As Madison County treasurer, the question I’m often asked by taxpayers is “why are my taxes so high?”
My response is, “I don’t determine your taxes. I simply collect them.”
Taxes go up for several reasons. Sometimes elections make a difference.
With Election Day around the corner (April 7) and early voting starting weeks before (March 23), it’s important to know what’s on the ballot.
This election you will see school-related referenda in several districts asking for levy changes.
In Granite City and Triad, voters are being asked to approve levy increases.
Granite City is asking taxpayers for 80 cents more per $100 of assessed valuation. Triad wants 50 cents more.
Taxpayers with a home worth $100,000 would pay approximately $266 in additional taxes per year in the Granite City School District and $166 in Triad.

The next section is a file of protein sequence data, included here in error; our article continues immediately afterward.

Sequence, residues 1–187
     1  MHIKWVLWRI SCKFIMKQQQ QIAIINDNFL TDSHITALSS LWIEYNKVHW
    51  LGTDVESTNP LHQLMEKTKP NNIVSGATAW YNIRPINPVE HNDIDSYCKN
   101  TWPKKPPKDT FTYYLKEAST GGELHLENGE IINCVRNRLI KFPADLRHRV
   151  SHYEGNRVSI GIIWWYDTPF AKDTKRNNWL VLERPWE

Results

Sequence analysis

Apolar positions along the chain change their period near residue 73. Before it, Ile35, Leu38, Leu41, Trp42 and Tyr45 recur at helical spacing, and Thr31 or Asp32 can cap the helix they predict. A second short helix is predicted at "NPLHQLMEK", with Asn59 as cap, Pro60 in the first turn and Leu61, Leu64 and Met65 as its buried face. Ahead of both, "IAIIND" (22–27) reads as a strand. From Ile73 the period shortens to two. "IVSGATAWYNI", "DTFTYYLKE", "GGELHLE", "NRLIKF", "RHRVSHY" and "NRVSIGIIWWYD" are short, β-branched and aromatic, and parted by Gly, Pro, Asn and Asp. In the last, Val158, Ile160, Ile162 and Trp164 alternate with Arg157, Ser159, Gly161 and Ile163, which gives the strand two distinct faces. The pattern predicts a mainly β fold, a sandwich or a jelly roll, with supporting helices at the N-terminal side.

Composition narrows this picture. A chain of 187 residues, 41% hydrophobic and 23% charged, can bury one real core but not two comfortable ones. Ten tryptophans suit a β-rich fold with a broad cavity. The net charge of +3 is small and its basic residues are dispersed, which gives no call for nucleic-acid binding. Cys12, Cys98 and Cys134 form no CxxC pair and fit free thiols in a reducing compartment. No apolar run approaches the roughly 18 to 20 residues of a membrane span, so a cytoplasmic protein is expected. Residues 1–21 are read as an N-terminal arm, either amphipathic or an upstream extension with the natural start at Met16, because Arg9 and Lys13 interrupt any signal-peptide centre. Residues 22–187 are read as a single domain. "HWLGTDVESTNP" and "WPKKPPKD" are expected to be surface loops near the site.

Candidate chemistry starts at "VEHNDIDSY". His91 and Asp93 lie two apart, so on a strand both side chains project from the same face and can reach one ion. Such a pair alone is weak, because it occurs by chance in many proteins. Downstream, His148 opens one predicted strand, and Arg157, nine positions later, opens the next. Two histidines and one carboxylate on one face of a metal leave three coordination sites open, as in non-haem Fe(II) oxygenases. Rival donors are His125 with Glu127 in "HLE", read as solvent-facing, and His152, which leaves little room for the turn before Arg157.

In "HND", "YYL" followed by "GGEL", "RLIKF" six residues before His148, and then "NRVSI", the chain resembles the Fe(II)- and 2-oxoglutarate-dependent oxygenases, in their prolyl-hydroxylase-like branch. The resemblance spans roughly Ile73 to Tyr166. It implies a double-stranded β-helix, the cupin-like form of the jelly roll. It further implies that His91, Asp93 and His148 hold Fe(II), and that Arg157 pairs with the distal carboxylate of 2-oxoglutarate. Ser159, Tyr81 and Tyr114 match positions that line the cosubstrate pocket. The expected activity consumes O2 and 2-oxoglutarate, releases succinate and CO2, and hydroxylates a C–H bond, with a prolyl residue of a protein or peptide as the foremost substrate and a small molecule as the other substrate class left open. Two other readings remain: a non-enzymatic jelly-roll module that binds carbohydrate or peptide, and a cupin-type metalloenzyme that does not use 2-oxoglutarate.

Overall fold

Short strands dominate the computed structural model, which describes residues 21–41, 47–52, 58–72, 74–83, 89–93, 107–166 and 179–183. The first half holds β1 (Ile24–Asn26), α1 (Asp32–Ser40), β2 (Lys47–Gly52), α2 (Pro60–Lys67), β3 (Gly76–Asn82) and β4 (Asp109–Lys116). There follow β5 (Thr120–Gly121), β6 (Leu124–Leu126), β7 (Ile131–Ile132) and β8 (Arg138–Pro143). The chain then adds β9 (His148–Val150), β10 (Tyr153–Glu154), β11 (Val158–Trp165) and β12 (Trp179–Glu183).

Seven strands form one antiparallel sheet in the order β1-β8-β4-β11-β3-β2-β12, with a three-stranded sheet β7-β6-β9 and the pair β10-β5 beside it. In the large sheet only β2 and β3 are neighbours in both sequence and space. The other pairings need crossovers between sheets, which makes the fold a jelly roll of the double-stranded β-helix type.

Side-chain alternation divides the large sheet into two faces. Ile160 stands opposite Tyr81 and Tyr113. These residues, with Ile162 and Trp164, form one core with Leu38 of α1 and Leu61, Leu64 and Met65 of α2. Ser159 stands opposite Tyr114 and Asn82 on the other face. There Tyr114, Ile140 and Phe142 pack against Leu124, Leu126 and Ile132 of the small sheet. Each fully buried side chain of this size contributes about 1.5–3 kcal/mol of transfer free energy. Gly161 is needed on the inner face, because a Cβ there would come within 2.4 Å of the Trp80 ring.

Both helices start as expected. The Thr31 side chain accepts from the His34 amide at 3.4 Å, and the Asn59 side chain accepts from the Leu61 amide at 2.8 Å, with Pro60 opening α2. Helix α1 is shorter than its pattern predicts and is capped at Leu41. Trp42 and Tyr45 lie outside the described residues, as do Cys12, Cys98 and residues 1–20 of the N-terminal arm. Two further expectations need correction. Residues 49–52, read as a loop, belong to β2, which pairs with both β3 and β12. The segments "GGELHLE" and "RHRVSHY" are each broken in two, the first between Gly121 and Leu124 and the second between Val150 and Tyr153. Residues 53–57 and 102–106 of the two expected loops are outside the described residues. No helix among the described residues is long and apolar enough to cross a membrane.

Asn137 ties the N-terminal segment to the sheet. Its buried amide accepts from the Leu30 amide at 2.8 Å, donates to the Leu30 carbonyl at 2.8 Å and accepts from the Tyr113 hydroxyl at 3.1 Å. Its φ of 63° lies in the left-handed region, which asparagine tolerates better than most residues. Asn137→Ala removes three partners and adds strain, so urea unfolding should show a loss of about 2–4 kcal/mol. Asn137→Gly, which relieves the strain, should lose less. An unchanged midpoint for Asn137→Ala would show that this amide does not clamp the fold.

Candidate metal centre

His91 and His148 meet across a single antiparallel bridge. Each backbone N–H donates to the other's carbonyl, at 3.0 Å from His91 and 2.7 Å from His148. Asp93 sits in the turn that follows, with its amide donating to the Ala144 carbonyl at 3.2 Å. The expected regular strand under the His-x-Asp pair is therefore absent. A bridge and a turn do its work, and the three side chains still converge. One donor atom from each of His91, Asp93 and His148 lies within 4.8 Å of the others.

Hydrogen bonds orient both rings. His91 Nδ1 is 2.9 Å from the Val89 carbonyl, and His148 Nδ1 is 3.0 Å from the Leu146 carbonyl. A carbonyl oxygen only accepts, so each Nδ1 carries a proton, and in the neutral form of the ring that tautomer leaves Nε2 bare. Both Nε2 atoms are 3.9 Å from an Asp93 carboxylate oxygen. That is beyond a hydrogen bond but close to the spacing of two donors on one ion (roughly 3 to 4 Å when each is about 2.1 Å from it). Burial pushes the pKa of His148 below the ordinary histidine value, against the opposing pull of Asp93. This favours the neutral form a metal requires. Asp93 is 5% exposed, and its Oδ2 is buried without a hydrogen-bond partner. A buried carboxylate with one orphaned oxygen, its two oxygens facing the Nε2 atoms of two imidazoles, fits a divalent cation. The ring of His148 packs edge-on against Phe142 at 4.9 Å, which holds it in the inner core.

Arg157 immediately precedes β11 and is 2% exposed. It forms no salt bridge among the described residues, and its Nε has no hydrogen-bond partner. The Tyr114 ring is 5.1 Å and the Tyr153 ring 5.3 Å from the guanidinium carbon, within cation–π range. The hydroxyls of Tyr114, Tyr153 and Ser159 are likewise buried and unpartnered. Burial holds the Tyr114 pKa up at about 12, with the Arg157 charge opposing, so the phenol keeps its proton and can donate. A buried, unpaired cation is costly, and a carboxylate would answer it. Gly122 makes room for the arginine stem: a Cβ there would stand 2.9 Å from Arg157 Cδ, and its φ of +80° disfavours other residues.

Voters in East Alton-Wood River High School District and the Wood River-Hartford and East Alton elementary districts are being asked if the districts should be dissolved and a new single district created.
By law, voters will establish the levy of specific funds — education, operations and building maintenance, transportation, health and life safety, working cash and lease.
Assuming a property valued at $100,000, it is estimated that taxes will decrease by $30 per year for people who currently pay in the EA-WR-Wood River-Hartford districts and by $120 in the EAWR-East Alton districts.
School officials say the remaining levies — Social Security, liability insurance, IMRF, bonds, etc. — will be established by a newly elected school board and are not projected to increase.
Your vote is your voice. Be heard!
Kurt Prenzler, CPA, is Madison County's treasurer.